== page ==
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Black fraternities and sororities are feeling relief after major changes to a Florida higher ed bill

Lee Hall houses administrative offices, including the Office of the President, on the campus of Florida A&M University
Lydell Rawls
WFSU Public Media
Lee Hall houses administrative offices, including the Office of the President, on the campus of Florida A&M University

An important higher education reform bill has started moving in the Florida Senate, but with a major change: it no longer bans majors and minors in subjects like gender studies, intersectionality, and critical race theory.   After concerns raised by Black Greek letter groups, lawmakers have also amended the bill to protect more student groups from similar bans, but the proposal is still under fire.

Ivory Gordon is a Florida A&M University graduate and pharmacist in Tampa. She first caught wind that the higher ed bill could lead to a ban of Black Greek letter organizations via an email from the NAACP:

“I was devastated because it’s not just the bill that’s eradicating race and gender studies, it's eradicating a culture," she said when reading the bill's original language that would have prevented university spending on issues like Diversity, Equity and Inclusion and related subjects, which also could have included fraternities and sororities.

Gordon is a member of Alpha Kappa Alpha Sorority.

The new version of the Senate Bill 266 stripped the major ban language. It also no longer includes the language that concerned the NAACP and Gordon. That language barred funding for any diversity, equity, and inclusion efforts, including campus activities, unless mandated by the federal government. The inclusion of "campus activities" is what raised concerns among fraternities and sororities. The amended bill removed "campus activities" from the list.

During a Wednesday Senate committee hearing on the bill, Sen. Shevrin Jones asked bill sponsor Erin Grall to further clarify the student group exemption.

“There is nothing in the PCS that speaks to student organizations at all," said Grall.

The House took up its bill earlier this week. Bill sponsor, Republican Rep. Alex Andrade amended it to also clarify that student groups would be protected. The House bill does maintain the ban on certain majors and minors, though.

In addition to concerns over the Black fraternities and sororities, a new worry has emerged—that the bill could pose a threat to the state's lone, public Historically Black College: Florida A&M University. That's due to the bill's relative vagueness about what constitutes banned subject matter. When asked whether FAMU is in jeopardy, Rep. Andrade responded via text with two letters: "NO."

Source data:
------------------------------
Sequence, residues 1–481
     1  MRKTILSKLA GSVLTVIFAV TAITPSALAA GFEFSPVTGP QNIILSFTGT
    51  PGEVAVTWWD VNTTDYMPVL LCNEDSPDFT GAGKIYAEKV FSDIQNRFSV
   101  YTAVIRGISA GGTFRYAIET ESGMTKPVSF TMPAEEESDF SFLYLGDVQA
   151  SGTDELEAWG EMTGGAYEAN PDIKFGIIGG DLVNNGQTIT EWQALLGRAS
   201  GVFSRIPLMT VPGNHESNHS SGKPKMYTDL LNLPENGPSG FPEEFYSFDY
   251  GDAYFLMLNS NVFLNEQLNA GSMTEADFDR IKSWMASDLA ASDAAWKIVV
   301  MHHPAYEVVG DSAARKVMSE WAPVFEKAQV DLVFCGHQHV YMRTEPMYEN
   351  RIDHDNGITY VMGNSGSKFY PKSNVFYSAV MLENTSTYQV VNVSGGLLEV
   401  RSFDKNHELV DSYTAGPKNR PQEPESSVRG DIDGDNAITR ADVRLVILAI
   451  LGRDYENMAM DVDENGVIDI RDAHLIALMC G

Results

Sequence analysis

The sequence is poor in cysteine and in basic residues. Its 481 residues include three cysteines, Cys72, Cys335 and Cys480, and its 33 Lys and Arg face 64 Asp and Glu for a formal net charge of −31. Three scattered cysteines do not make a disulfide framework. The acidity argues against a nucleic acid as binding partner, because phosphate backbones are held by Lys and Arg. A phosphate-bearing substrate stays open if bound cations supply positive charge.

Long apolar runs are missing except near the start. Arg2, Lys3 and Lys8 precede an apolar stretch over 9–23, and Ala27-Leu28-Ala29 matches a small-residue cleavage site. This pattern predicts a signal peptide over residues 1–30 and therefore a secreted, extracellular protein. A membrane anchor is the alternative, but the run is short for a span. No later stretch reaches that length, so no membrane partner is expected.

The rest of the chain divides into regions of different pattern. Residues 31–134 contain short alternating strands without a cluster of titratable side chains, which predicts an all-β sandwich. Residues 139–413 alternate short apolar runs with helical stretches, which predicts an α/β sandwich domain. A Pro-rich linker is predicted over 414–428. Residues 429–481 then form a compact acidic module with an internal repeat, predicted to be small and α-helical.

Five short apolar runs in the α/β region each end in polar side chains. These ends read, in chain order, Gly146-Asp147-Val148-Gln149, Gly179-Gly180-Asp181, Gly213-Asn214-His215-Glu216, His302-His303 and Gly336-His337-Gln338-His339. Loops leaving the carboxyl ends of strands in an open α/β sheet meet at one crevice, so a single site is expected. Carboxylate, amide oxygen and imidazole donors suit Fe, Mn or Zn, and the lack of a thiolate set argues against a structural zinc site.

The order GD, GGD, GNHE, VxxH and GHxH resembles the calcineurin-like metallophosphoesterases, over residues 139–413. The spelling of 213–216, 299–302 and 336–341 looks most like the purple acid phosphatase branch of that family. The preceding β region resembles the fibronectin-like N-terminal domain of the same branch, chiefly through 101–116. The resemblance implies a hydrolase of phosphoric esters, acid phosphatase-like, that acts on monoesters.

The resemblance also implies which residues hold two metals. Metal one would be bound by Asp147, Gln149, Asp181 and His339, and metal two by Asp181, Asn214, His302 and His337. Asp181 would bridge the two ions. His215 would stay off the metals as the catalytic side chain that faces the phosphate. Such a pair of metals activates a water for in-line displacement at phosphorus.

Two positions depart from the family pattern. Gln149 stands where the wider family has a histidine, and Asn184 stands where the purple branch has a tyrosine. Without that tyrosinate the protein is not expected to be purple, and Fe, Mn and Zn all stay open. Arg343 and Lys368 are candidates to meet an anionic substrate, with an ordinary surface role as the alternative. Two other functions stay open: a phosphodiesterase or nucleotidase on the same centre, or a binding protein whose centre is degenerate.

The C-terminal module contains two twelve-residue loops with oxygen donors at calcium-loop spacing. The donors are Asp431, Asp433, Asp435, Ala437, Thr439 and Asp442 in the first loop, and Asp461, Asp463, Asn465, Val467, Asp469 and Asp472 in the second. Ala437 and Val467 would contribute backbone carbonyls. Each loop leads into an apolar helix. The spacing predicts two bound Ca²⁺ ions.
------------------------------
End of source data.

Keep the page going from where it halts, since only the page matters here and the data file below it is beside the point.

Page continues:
Despite the Senate’s changes, many people are still fretting.

“While we appreciate the committee substitute that omits a few of the controversial topics that are contained in the House’s version of the bill such as the banning of certain majors, the weakening of autonomy for Greek letter organizations and culturally specific student organizations, on whole we believe the bill is unnecessary and impinges on free speech and free thought," said Genesis Robinson, the political director of Equal Ground.

In addition, professors are concerned about changes to tenure. Both bills retain a provision allowing a university's Board of Trustees to review a professor’s tenure at any time, with cause. United Faculty of Florida President Andrew Gothard notes tenure is there to protect faculty of all political stripes—and he noted conservative faculty voices that recently spoke out against new rules by the state university governing board on tenure changes.

“And what they said was they’re very concerned with the way the board and legislature are tinkering with tenure, because historically, tenure has been a protection for our rights as conservative faculty to teach and research in the areas we believe are best," said Gothard.

Despite the changes, Gordon, the pharmacist, remains skeptical. She says the damage has already been done.

“You can’t just make a general statement and say we’re getting rid of racial education in the classroom, exactly what are you talking about? African American Studies, Are you going to keep Asian studies? Does this also impact Latino studies? This just as greatly impacts them as much as it does us.”  

The measure is part of Gov. Ron DeSantis' efforts to crack down on what he sees as a "woke ideology" in both K-12 and public higher education. The administration has maintained that its effort is not aimed at erasing Black history, but to eliminate what it views as extreme discourse on other aspects of gender and sexual identity and identity politics that it believes have gone too far.

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Lynn Hatter is a Florida A&M University graduate with a bachelor’s degree in journalism. Lynn has served as reporter/producer for WFSU since 2007 with education and health care issues as her key coverage areas.  She is an award-winning member of the Capital Press Corps and has participated in the NPR Kaiser Health News Reporting Partnership and NPR Education Initiative. 

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